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Spatial specialization and farm-nonfarm linkages

Author

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  • Deichmann, Uwe
  • Shilpi, Forhad
  • Vakis, Renos

Abstract

Using individual level employment data from Bangladesh, this paper presents empirical evidence on the relative importance of farm and urban linkages for rural nonfarm employment. The econometric results indicate that high return wage work and self-employment in nonfarm activities cluster around major urban centers. The negative effects of isolation on high return wage work and on self-employment are magnified in locations with higher agricultural potential. The low return nonfarm activities respond primarily to local demand displaying no significant spatial variation. The empirical results highlight the need for improved connectivity of regions with higher agricultural potential to urban centers for nonfarm development in Bangladesh.

Suggested Citation

  • Deichmann, Uwe & Shilpi, Forhad & Vakis, Renos, 2008. "Spatial specialization and farm-nonfarm linkages," Policy Research Working Paper Series 4611, The World Bank.
  • Handle: RePEc:wbk:wbrwps:4611
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    References listed on IDEAS

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    1. Lewis, Blane D. & Thorbecke, Erik, 1992. "District-level economic linkages in Kenya: Evidence based on a small regional social accounting matrix," World Development, Elsevier, vol. 20(6), pages 881-897, June.
    2. Foster, Andrew D & Rosenzweig, Mark R, 2004. "Agricultural Productivity Growth, Rural Economic Diversity, and Economic Reforms: India, 1970-2000," Economic Development and Cultural Change, University of Chicago Press, vol. 52(3), pages 509-542, April.
    3. Haggblade, Steven & Hazell, Peter & Brown, James, 1989. "Farm-nonfarm linkages in rural sub-Saharan Africa," World Development, Elsevier, vol. 17(8), pages 1173-1201, August.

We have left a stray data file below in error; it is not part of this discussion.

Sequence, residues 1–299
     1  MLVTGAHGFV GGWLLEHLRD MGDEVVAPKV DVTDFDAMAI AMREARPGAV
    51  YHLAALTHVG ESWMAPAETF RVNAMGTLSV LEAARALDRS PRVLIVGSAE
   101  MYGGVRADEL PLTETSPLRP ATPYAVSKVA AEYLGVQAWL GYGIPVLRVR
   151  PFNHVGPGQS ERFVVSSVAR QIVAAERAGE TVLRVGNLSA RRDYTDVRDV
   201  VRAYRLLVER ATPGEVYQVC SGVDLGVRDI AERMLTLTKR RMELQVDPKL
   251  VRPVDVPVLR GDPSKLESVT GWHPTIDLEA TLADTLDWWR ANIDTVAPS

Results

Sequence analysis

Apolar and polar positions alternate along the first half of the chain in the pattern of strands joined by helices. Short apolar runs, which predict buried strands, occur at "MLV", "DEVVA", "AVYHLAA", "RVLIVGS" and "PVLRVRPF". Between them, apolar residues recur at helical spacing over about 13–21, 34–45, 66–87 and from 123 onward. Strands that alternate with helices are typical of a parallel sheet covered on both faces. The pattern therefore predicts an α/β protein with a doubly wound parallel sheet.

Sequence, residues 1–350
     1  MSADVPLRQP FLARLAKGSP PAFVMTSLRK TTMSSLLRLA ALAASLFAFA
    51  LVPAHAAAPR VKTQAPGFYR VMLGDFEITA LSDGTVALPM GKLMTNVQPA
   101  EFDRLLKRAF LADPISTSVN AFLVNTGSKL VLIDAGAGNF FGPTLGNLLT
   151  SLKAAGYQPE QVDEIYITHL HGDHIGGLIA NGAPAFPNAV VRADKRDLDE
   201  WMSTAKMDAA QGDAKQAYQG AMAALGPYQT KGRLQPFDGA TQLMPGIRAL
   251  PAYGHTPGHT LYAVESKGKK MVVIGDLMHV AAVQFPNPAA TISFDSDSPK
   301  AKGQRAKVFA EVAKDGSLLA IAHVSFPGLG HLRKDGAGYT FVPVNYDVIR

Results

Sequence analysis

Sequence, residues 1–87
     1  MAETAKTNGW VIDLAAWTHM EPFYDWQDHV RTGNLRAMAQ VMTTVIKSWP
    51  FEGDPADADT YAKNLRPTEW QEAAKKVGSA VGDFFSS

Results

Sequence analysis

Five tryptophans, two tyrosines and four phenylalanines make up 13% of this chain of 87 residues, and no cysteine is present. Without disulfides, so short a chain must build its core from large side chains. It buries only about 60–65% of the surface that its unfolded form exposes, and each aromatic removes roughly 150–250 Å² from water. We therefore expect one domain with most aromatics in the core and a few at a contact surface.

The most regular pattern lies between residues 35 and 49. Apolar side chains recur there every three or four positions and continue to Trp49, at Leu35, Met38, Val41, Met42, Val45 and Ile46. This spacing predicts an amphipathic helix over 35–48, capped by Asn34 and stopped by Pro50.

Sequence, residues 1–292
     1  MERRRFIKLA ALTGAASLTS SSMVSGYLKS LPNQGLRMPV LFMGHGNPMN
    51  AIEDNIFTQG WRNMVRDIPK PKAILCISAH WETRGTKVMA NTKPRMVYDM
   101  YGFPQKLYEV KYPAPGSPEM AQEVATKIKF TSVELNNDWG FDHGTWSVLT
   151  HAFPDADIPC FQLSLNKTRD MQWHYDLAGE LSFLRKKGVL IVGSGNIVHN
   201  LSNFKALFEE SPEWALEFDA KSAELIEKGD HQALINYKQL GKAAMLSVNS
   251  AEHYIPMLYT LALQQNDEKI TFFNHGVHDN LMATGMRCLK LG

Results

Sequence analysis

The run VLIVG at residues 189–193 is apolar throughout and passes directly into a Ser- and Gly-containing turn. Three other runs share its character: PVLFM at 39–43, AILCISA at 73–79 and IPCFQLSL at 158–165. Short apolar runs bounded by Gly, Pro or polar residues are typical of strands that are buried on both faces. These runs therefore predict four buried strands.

4. Haggblade, Steven & Hazell, P. B. R. & Reardon, Thomas, 2002. "Strategies for stimulating poverty-alleviating growth in the rural nonfarm economy in developing countries:," EPTD discussion papers 92, International Food Policy Research Institute (IFPRI).
    5. Marcel Fafchamps & Forhad Shilpi, 2005. "Cities and Specialisation: Evidence from South Asia," Economic Journal, Royal Economic Society, vol. 115(503), pages 477-504, April.
    6. Jacoby, Hanan C, 2000. "Access to Markets and the Benefits of Rural Roads," Economic Journal, Royal Economic Society, vol. 110(465), pages 713-737, July.
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    Cited by:

    1. Massimiliano Calì & Carlo Menon, 2013. "Does Urbanization Affect Rural Poverty? Evidence from Indian Districts," World Bank Economic Review, World Bank Group, vol. 27(2), pages 171-201.
    2. Fuwa, Nobuhiko & Balisacan, Arsenio M. & Mapa, Dennis & Abad Santos, Carlos & Piza, Sharon Faye, 2012. "Sectoral Growth Linkages and the Role of Infrastructure Development: Revisiting the sources of nonfarm development in the rural Philippines," 2012 Conference, August 18-24, 2012, Foz do Iguacu, Brazil 126456, International Association of Agricultural Economists.
    3. Asfaw, Solomon & Savastano, Sara, 2015. "Topic: Building Resilience to Climate Change Through Social Protection and Climate-Smart Agriculture: Synergies and Trade-offs," 2015 Conference, August 9-14, 2015, Milan, Italy 210963, International Association of Agricultural Economists.
    4. Davis, Benjamin & Di Giuseppe, Stefania & Zezza, Alberto, 2017. "Are African households (not) leaving agriculture? Patterns of households’ income sources in rural Sub-Saharan Africa," Food Policy, Elsevier, vol. 67(C), pages 153-174.
    5. World Bank, 2004. "Sri Lanka - Reshaping Economic Geography : Connecting People to Prosperity," World Bank Publications, The World Bank, number 21549, November.

    More about this item

    Keywords

    Transport Economics Policy&Planning; Rural Poverty Reduction; Crops&Crop Management Systems; Labor Policies;

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